Police departments in Illinois and around the country are struggling to cope with a surge in accidents caused by motorists under the influence of drugs. A report from the Governors Highway Safety Association reveals that more drivers who were involved in fatal motor vehicle crashes in 2015 tested positive for drugs than for alcohol, but identifying motorists who are under the influence of illegal drugs or prescription medications remains a problem for law enforcement.
A police department in DuPage County is meeting this challenge by issuing its officers drug testing kits that use saliva samples to screen for cocaine, amphetamines, methamphetamines, marijuana and opiates. The Carol Stream Police Department will begin using the kits, which were developed by a German company, in February 2018. When drivers test positive for illegal drugs or prescription opioids, they will be asked to provide a blood sample to verify the results.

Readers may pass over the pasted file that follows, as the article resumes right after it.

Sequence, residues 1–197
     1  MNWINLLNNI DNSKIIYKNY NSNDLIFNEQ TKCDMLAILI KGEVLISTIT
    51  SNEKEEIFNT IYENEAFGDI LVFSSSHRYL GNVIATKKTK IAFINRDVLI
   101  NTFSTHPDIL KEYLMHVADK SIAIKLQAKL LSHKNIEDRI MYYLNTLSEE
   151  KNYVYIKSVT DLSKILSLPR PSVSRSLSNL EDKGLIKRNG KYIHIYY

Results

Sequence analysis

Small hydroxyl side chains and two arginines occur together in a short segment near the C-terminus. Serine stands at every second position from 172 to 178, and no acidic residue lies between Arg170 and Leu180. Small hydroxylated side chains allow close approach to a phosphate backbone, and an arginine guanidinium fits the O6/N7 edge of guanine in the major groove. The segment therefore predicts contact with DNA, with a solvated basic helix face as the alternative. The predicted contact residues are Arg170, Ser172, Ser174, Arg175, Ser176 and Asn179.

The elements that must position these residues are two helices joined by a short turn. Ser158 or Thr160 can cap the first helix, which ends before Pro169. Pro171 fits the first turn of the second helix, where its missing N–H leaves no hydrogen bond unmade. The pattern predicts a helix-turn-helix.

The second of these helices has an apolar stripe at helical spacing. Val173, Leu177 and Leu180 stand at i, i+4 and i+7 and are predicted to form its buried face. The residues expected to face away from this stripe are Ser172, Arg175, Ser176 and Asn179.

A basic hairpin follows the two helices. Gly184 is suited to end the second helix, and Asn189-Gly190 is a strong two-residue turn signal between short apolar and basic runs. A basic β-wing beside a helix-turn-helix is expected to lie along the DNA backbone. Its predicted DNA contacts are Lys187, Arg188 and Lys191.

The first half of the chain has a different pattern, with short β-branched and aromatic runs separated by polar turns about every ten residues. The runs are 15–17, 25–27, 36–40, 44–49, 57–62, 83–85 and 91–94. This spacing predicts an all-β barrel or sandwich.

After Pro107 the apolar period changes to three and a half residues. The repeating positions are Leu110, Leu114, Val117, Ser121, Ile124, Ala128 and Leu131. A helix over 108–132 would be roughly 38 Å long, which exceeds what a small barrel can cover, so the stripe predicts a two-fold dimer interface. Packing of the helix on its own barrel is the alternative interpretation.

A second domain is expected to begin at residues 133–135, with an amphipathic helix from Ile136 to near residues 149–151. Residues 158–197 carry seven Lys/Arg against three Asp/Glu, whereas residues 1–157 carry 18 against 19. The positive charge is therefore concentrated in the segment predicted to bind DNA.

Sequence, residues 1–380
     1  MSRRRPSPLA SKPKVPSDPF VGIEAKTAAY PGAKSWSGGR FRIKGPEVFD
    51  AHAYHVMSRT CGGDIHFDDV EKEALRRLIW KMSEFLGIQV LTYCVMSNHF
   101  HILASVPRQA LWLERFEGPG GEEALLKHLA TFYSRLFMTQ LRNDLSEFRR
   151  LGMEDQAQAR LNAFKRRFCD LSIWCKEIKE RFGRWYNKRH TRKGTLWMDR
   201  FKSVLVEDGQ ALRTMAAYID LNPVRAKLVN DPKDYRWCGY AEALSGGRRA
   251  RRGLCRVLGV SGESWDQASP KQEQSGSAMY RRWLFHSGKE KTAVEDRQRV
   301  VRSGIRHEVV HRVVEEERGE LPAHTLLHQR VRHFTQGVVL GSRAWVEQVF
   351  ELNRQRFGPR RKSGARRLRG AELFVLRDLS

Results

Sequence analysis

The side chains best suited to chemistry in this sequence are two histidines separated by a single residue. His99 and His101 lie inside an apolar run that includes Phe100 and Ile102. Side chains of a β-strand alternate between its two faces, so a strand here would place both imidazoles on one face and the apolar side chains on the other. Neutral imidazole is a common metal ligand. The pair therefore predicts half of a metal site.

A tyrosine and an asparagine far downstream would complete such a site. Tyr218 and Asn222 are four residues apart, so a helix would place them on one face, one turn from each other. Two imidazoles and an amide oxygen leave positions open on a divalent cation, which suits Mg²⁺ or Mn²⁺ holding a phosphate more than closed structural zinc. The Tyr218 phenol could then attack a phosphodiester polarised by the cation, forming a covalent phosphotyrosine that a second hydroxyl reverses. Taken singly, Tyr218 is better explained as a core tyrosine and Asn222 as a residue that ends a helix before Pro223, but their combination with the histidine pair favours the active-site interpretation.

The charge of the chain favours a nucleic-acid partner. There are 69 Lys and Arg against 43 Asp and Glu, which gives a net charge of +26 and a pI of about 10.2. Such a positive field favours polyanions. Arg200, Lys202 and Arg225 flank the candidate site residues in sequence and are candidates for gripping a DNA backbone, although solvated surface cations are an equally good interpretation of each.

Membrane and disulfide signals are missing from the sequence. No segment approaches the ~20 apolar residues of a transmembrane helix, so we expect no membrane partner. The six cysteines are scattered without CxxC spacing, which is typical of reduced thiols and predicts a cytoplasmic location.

A CSPD representative said that the technology used in the kits is well established, but civil rights activists and criminal defense attorneys may not yet be convinced. While the science linking blood alcohol levels to intoxication is proven and accepted, drug impairment is a far more nebulous subject for the medical and scientific communities. This is because habitual drug users develop tolerances to narcotics over time and may not necessarily be impaired despite testing positive for illegal substances or prescription medications.
Criminal defense attorneys may follow developments in toxicology closely, and they could seek to have drunk driving or drug charges dismissed when the science supporting them is questionable. Prosecutors must establish proof beyond reasonable doubt to prevail in court, and they may choose to avoid the costs of a trial when meeting this burden could be difficult. Defense attorneys may also raise Fourth Amendment arguments when police officers have asked motorists to provide saliva samples with no clear evidence of impairment.